The last time I blogged about Comcast Digital Connectors was in October, after we held a public launch event at the Association for the Advancement of Mexican Americans in Houston.
Much has happened since, including a similar launch I attended last week at the Boys & Girls Club in Burlington, VT.
It was wonderful to see so many community leaders, Boys & Girls Club board members, elected officials and Comcast Digital Connectors, who led a tour of their classroom and demonstrated their newly found computer skills. I also was delighted to see Sen. Patrick Leahy and Gov. Jim Douglas, both of whom are long-time advocates of digital literacy.
In partnership with One Economy, we now have 16 sites teaching broadband technologies to more than 300 young people from diverse, low-income backgrounds ages 14-21. In turn, they are reaching out to their families and neighborhoods to share their knowledge.
The outreach aspect of Digital Connectors is critical because, as Pew reports, 92% of American homes have access to broadband, only 63% of Americans have adopted the technology at home. The numbers are worse in some key demographic groups. For example:
- While 85% of Americans with incomes above $75,000 have broadband and 83% of college graduates do, only about 52% of high school graduates have broadband at home.
- English Speaking Hispanics have greater broadband adoption than Whites by 68% to 65%, but only 46% of African Americans have adopted broadband.
- The slowest adopting population continues to be senior citizens - only 30% with Broadband so far.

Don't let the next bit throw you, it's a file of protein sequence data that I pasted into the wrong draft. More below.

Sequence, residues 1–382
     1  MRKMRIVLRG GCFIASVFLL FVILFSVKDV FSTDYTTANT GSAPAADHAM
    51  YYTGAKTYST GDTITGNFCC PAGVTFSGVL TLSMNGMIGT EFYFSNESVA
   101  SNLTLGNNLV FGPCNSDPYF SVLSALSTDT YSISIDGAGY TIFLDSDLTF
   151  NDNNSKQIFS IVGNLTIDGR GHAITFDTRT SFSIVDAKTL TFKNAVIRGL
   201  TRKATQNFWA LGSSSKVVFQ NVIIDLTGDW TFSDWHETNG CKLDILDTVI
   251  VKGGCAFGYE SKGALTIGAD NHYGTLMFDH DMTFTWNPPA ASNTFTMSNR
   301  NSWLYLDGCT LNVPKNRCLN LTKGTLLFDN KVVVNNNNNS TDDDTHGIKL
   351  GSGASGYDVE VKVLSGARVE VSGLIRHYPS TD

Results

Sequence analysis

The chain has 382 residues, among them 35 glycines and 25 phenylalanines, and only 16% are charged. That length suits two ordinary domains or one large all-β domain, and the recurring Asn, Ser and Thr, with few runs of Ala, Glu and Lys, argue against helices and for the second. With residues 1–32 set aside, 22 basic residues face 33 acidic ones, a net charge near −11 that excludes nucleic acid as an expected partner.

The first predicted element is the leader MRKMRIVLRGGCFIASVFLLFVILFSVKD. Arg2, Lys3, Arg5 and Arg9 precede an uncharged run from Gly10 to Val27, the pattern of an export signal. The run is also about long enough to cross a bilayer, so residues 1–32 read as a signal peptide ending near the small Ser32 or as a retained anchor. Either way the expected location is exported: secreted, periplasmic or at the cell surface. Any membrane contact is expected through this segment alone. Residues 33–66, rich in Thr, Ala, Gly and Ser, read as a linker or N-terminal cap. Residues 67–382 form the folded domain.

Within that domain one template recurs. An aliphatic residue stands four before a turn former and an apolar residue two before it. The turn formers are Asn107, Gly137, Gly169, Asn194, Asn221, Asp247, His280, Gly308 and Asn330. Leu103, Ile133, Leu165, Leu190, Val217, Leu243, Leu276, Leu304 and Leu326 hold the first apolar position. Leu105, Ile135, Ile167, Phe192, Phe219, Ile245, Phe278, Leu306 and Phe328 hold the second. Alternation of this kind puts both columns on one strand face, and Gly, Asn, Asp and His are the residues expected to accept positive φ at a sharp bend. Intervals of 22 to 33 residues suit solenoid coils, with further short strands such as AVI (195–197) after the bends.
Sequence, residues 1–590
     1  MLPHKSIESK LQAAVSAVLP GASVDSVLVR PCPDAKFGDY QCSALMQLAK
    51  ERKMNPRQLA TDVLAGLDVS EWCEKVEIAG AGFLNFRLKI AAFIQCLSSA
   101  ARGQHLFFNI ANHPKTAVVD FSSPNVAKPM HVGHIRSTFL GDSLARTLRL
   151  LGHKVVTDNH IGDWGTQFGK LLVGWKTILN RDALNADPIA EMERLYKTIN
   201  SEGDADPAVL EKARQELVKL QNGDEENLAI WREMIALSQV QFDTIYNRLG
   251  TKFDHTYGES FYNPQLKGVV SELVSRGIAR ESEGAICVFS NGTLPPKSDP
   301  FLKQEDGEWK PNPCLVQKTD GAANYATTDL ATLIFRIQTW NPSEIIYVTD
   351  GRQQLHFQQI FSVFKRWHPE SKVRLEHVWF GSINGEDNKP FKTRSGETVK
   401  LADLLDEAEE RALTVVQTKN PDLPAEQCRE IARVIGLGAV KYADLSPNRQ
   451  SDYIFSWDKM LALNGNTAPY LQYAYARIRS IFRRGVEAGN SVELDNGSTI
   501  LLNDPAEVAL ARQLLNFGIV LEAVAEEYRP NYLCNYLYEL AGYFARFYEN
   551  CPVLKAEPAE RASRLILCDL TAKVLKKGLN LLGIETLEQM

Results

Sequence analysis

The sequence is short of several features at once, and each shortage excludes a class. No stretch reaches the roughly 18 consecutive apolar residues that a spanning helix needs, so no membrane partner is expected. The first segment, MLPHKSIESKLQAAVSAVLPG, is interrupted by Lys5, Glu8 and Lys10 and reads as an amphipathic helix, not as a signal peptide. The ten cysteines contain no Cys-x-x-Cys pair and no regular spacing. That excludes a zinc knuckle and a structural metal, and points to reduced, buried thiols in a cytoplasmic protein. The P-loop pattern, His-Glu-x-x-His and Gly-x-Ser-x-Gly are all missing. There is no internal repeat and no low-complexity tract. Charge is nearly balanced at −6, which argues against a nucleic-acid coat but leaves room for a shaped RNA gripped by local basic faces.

- Finally, having kids in the home is one of the strongest factors influencing broadband adoption - 77% of homes with children have broadband.
That last bullet point is a key reason why Comcast's partnership with Boys & Girls Clubs is so special.
In addition to Burlington, the Comcast Digital Connectors programs are operating in Boys & Girls Clubs in Morgantown, WV, and Atlanta. More are planned, including a Fall launch with the Boys & Girls Club of Hartford.
By connecting these young people and their communities to the digital economy, it gets to the heart of the problem. And most importantly, offers the prospect of a much brighter future.
As Gov. Douglas said to all in attendance, "Our next generation needs the technological skills and knowledge to not only compete for jobs globally, but to also strengthen our communities through service locally. I thank Comcast and One Economy for working together to advance this program that will help provide young Vermonters with the tools to do both."
Digital Connector Miles Tanner put it best when he said, "I joined this program so I can get a way better look at technology and computers and stuff like that, because I don't have one at home and this is very helpful. This will definitely help me with my school work and various other activities."
We at Comcast are particularly excited about the Digital Connectors program because it represents all of our core community investment priorities rolled into one great program. It promotes community service, expands digital literacy, and builds tomorrow's leaders in many of the diverse communities we serve.
By the end of 2010, the Comcast Digital Connectors program will operate in more than 30 cities across America. Together with One Economy, we're excited about what's ahead for the terrific young people in this program.
Pictured (left to right): David L. Cohen, Executive Vice President, Comcast Corporation, Mary Alice McKenzie, Executive Director of the Boys & Girls Club of Burlington and U.S. Senator Patrick Leahy.